This is my understanding of what Sebastian Condon was saying in a column in The Catholic Weekly a few weeks ago. And who can dispute that? Just look at the history of the Church. Even when combined together the work of committees and organisations is utterly outclassed by the personal holiness of one single saint. Hence the incessant call of St John Paul II, Benedict, and now Francis to holiness for the sake of others, if not ourselves.

This does not mean, and Condon underlines this, that bureaucracy is an evil. Families and parishes – the two single most influential seats of the Church’s mission – receive much of the fruit of bureaucracy. Spare a prayer for those who work and suffer – for Satan does not like their efforts – for us in Catholic offices around the world.

But a word of respectful disagreement about noisy evangelisation.

Thank God somebody does it. We aren’t all called to street evangelisation – but we are all called to discomfort for the salvation of many: “Go from your country and your kindred and your Father’s house” (Gen 12:1). The Incarnation is that very thing – when the co-eternal Son left his Father’s house to discomfit himself “unto death, even death on a cross” for others.

It’s not a new thing. Jesus spent three years doing it – having deeply personal conversations with strangers in the street. The apostles did the same. The stories of the saints are littered with such experiences.

And in a world where it has become dangerously easy to simply shut out anything I assume I don’t like, ‘disruptive’ public evangelisation – conditioned by charity, prudence and union with the local bishop – is a real act of mercy to our neighbour, who may well otherwise go their life without.

In a society chock-full of impersonal unasked-for offensive advertising, the Church renders a service to colour a tiny bit of it in the proposal of the attractive nobility of Christ through a charitably interested in personal and genuinely human encounter.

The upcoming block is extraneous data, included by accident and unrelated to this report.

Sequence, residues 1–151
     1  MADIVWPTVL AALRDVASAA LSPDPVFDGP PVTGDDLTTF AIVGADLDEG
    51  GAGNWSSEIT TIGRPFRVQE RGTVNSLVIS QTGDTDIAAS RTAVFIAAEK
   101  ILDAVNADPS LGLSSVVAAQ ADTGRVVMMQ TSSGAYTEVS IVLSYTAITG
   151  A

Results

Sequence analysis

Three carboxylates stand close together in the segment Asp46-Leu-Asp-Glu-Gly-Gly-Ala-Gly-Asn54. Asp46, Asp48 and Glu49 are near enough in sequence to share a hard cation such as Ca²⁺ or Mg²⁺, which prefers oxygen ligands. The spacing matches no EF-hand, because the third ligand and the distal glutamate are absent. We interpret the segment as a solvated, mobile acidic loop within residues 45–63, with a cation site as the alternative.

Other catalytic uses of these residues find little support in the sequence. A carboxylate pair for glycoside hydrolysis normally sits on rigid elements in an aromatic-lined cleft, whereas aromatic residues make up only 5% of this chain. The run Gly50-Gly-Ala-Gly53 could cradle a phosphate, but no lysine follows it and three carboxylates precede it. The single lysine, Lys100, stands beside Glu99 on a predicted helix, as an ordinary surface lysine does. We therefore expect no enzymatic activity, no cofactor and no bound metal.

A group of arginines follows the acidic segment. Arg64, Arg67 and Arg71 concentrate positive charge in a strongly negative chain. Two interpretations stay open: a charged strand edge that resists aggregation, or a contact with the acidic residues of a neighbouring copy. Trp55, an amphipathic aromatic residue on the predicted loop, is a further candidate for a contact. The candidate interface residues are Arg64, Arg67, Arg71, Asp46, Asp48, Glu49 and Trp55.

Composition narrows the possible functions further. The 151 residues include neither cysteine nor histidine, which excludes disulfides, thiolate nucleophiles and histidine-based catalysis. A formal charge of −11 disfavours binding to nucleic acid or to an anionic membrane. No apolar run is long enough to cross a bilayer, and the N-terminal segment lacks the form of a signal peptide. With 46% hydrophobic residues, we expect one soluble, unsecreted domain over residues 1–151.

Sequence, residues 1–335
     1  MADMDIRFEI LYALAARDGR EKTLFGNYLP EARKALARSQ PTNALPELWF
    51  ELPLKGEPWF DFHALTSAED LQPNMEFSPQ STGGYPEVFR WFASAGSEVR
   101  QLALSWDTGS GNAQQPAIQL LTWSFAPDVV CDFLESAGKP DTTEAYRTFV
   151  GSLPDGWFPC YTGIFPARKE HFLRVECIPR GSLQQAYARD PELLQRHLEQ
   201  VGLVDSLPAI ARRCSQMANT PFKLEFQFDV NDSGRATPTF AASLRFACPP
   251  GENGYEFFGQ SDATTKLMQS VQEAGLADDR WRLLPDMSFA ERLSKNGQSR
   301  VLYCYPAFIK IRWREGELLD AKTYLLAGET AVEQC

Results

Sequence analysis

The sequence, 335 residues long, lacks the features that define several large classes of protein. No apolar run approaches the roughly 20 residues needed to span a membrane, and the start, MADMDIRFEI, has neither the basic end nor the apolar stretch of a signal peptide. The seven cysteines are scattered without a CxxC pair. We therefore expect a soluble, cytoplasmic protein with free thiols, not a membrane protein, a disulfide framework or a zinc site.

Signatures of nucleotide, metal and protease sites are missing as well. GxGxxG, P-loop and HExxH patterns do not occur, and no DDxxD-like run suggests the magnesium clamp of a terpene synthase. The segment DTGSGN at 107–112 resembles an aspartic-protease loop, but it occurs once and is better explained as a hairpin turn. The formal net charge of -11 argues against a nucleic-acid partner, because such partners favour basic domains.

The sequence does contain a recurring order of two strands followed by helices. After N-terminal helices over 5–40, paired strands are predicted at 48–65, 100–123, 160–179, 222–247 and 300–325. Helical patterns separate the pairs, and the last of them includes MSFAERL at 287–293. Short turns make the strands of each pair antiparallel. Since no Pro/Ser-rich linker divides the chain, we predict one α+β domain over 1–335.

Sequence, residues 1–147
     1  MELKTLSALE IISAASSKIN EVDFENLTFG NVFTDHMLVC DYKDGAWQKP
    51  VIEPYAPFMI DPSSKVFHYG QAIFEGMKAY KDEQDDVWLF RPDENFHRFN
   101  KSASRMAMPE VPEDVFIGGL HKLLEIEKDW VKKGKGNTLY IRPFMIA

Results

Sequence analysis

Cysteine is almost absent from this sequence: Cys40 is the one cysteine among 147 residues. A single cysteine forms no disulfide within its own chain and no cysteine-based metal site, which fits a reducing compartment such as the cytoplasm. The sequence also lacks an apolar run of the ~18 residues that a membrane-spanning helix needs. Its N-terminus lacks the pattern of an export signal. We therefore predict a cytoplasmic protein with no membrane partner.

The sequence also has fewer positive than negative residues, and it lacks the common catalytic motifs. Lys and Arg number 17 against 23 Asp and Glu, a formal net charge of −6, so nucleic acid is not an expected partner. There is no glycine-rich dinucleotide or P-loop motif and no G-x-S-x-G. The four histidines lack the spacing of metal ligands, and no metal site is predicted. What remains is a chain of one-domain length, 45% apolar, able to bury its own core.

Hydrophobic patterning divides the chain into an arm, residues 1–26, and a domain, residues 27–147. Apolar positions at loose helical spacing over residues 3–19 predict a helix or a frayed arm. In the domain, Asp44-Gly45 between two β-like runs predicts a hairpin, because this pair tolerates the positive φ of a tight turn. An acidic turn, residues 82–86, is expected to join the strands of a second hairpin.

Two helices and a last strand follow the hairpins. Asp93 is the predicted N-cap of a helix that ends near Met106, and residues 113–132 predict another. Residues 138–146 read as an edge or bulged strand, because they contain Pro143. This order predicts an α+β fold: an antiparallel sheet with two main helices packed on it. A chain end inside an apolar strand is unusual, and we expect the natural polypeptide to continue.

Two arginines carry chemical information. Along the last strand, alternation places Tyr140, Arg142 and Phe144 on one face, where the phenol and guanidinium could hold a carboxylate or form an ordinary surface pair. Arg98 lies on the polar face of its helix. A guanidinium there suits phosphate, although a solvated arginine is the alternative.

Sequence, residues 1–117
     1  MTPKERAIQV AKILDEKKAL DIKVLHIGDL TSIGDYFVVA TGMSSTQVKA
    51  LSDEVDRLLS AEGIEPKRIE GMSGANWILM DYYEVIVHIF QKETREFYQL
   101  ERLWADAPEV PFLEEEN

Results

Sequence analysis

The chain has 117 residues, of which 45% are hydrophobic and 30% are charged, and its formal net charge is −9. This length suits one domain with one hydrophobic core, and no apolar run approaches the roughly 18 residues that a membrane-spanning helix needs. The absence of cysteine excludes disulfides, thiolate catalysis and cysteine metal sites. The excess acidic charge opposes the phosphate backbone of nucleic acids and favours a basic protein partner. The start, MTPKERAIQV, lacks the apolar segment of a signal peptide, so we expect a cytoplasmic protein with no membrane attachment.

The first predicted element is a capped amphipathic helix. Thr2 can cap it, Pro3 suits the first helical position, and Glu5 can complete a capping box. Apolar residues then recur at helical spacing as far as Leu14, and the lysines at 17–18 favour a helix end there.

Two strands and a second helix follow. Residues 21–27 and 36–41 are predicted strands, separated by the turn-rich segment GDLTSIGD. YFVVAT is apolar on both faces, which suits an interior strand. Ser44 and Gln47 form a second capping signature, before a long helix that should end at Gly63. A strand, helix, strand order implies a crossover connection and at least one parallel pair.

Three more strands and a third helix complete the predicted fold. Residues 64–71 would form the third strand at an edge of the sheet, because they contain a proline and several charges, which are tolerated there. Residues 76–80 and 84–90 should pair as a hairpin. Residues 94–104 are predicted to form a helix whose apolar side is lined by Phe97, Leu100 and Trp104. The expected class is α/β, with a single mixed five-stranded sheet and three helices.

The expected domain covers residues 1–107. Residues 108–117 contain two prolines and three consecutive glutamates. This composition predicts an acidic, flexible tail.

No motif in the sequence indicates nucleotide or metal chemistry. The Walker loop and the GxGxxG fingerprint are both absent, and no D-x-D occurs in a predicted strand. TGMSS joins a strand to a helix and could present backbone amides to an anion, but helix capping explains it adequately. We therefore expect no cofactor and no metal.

Hopefully it’s not noise. The Kingdom of Noise is the domain of Screwtape’s father below. Bosch’s trumpeters do much to highlight this distressing expression of Hell. It might be better characterised by that scene towards the end of 1968’s Oliver! As the bedroomed sleeping Oliver is awoken by the outside call of the rose vendor, disarming by its noble simplicity and respect for his freedom, so do those who take time on the streets unexpectedly interrupt the habitual mode of existence of those they meet there.

And characteristic of the action of saints, such activities hit well above their weight. Once, concluding a pre-mission repast with my fellow missionaries in the local pub (the Gospel accounts are, after all, often coloured by the presence of alcohol!) I was on my way out when a lady, noticing my collar, asked if I was a priest.

Confirming this was so, we had a good brief conversation reminiscing about her youth in a Catholic school. My companion had the foresight to invite the lady to the church which served as our base for the evening.

Madam thought this unlikely, and while we both warmly welcomed her while letting her feel totally free, the lady was understandably keener to pass the evening with her friends.
I found her, hours later, kneeling in adoration clutching a paper with a bible text, silent tears anointing her cheeks.

I don’t know what will happen to her or anyone: but I do know that street evangelisation is important to non-Christians. And that through it people meet God.

With Permission. This article first appeared on

New retreat for married couples comes to Sydney

By Marilyn Rodrigues – June 4, 2021

Peter McGregor, facilitator at Love and Truth retreats for married couples says that he knows those who attend receive much from them, particularly from the time spend together with their spouse and God. PHOTO: Unsplash/Daniel Foster

Weekend to meet need of every marriage for support

Eliza and Michael McCumstie know that married bliss doesn’t come automatically for couples after the excitement of the wedding day.

Four years after their wedding, despite their best intentions and being blessed with two children, they found themselves struggling. “We didn’t have many married couples our age to talk to, and the ones we did seemed to be very happy together,” Eliza said.

“What’s not often talked about is that marriage can be really hard and it can be really lonely when things are not going so well.”

“From the moment we got there, it was such a welcoming environment and the retreat was so lovely and was a real turning point for us.”

Eliza searched online for Catholic retreats for married couples and came across a Love and Truth retreat being held near them in Melbourne by the Emmanuel Community.

“From the moment we got there, it was such a welcoming environment and the retreat was so lovely and was a real turning point for us,” she said.